20. Collaborative Learning in Engineering Education: A Grounded Theory Analysis of a CSCL Application
    Michelle J. Boese, Hong Sheng, and Richard Hall

    This study examines how students collaborate on engineering problems and the effect of information technology on facilitating collaboration. Twenty-eight undergraduate engineering students were placed in small groups to discuss questions about mechanics of materials, either face-to-face or via a keyboard chat. Students were interviewed after completing the tasks, and the interviews were analyzed using the grounded theory approach. The resulting framework suggests that social goals as well as achievement goals are major motivations for students’ behavior in the team situation, and that technology and group characteristics were acknowledged to influence their actions during and after the cooperation.

  21. 007 To The Rescue – Cognitive Fit of Operations Research and Agent-Based Decision Support
    Elfriede I. Krauth, Jos van Hillegersberg, and Steef L. van de Velde

    Adoption rates of traditional Operations Research (OR) based decision support systems (DSS) suffer from perceived complexity of the underlying model and its detrimental effect on user-friendliness. The mental effort required to understand abstract models can hinder adoption. This barrier may seem even greater to people with low analytic capabilities. Unfortunately it is often this user group that could benefit the most from using OR based DSS. Agent based approaches on the other hand typically model negotiations between real-world counterparts. Extending cognitive fit theory we argue that presenting DSS in an agent based fashion allows for a closer match between the model presented on screen and the mental model of the user. We tested the impact of DSS presentation on perceived usefulness in a lab experiment (n=118). Our data suggests that an agent presentation outperforms an OR based DSS for perceived usefulness for low analytic users.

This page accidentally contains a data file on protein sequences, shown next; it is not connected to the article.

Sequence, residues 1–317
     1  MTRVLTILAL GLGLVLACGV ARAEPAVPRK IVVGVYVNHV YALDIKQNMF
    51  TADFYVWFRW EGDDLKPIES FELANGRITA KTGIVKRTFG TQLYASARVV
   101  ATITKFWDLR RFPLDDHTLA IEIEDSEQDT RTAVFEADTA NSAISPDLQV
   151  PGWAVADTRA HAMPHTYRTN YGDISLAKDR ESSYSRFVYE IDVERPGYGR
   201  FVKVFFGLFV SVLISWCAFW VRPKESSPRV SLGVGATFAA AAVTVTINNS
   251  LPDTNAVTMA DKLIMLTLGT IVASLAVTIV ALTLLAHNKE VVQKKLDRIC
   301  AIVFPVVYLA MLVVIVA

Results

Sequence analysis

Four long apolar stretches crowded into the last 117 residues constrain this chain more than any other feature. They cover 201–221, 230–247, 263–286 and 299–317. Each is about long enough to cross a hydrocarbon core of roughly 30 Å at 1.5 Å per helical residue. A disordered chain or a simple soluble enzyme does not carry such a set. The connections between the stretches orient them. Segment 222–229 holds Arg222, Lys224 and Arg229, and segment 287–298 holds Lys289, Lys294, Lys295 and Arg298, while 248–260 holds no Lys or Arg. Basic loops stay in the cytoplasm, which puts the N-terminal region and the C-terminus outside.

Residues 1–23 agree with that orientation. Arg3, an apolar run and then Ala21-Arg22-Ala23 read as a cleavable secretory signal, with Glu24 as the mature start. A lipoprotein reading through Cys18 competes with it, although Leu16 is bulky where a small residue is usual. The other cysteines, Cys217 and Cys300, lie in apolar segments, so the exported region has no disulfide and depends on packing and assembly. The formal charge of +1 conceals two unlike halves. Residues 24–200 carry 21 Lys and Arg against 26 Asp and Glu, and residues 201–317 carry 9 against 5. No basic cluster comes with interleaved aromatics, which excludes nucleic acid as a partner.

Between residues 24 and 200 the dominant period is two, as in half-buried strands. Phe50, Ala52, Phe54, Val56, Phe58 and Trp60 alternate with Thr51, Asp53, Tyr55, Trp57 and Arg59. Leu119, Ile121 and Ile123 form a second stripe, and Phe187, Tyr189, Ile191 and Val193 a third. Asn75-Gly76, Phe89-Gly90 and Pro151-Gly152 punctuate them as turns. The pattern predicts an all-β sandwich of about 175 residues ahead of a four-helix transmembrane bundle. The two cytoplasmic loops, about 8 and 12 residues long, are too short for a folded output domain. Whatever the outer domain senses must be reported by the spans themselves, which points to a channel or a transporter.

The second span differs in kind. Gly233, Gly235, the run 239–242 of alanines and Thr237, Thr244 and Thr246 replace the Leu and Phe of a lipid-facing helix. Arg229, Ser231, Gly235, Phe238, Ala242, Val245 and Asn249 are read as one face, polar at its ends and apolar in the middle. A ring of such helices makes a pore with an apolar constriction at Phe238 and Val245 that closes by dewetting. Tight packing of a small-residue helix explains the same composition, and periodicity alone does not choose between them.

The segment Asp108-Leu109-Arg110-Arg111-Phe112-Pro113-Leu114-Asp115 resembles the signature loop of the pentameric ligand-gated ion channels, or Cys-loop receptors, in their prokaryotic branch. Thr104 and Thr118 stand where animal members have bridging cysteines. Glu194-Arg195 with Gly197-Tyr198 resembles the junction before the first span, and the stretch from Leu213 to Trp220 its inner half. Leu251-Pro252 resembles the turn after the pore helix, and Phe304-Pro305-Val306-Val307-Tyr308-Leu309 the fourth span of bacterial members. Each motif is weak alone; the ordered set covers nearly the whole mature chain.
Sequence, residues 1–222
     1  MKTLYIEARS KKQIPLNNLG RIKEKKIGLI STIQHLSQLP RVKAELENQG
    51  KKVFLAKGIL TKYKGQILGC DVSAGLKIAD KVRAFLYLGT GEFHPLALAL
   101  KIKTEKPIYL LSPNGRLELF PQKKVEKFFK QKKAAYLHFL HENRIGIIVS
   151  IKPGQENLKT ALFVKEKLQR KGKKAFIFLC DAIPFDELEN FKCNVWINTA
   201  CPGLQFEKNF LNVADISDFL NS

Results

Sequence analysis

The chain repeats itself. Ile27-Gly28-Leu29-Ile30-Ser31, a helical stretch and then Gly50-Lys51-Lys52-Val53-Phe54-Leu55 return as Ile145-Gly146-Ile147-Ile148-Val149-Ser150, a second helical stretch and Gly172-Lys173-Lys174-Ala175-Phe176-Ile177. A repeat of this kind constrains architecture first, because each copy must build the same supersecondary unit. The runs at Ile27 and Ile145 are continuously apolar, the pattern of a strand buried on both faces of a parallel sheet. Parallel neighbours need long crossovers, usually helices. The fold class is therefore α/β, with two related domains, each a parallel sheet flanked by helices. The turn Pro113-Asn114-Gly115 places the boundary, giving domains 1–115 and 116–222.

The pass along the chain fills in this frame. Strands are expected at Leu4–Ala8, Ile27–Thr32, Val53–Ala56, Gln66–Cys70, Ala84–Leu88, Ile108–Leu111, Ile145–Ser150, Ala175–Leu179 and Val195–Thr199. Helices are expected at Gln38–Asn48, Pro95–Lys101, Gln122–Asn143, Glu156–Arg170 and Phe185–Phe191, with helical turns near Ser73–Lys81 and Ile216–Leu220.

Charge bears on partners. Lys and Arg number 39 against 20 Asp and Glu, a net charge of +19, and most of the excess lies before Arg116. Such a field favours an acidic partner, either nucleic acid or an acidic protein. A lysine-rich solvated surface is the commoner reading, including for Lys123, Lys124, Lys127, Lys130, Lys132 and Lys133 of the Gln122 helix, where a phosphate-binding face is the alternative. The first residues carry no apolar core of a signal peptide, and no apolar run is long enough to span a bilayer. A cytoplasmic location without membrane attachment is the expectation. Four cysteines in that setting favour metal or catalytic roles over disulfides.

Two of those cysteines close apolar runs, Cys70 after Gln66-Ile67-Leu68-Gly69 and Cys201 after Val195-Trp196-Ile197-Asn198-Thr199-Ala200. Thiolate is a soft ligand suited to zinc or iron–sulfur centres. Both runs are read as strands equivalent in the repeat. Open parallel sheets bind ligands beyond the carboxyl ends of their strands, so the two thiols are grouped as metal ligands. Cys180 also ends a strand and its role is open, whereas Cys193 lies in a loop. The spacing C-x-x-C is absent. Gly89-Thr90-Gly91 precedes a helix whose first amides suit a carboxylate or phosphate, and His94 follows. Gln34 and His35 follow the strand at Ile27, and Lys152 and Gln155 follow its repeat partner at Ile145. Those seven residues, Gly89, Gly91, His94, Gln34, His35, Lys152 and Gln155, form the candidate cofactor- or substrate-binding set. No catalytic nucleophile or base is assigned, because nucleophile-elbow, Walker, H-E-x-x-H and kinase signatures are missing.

1. Examining the Role of the Communication Channel Interface and Recipient Characteristics on Knowledge Internalization
    Christopher L. Scott and Saonee Sarker

    Recent reviews of the HCI literature acknowledge that the effect of the IT interface on individual learning has received limited attention in the past, and should be the focus of future research. At the same time, a review of the knowledge transfer literature also suggests a limited examination of the factors affecting the latter phase of transfer (i.e., knowledge internalization and recipient learning). The current manuscript attempts to bridge the HCI and knowledge transfer literatures by empirically examining the effect of the communication channel interface and the recipient’s characteristics on the recipient’s knowledge internalization.

  2. Slacking and the Internet in the Classroom: A Preliminary Investigation
    Pamela S. Galluch and Jason Bennett Thatcher

    The paper investigates “slacking with Internet technologies” in a classroom environment. Rooted in the literature on social loafing, we develop a model linking attributes of the context, the individual, and technology to “intention to cyber-slack” and its influence on the effective use of Internet technology. Using data collected from 128 student respondents, we empirically test our model using the Partial Least Squares approach to structural equation modeling. Our analysis found support for many of the relationships in the theoretical model. Specifically, we found that personal innovativeness with IT and multi-tasking with Internet applications contribute to cognitive absorption, while cognitive absorption and subjective norms contributed to the intention to cyber-slack. Further, we found that intention to cyber-slack accounted for a large amount of the variance in effective use of Internet technologies. The paper concludes with a discussion of implications for research and practice.

  3. A Pattern Approach to Understand Group Collaboration in Hands-on and Remote Laboratories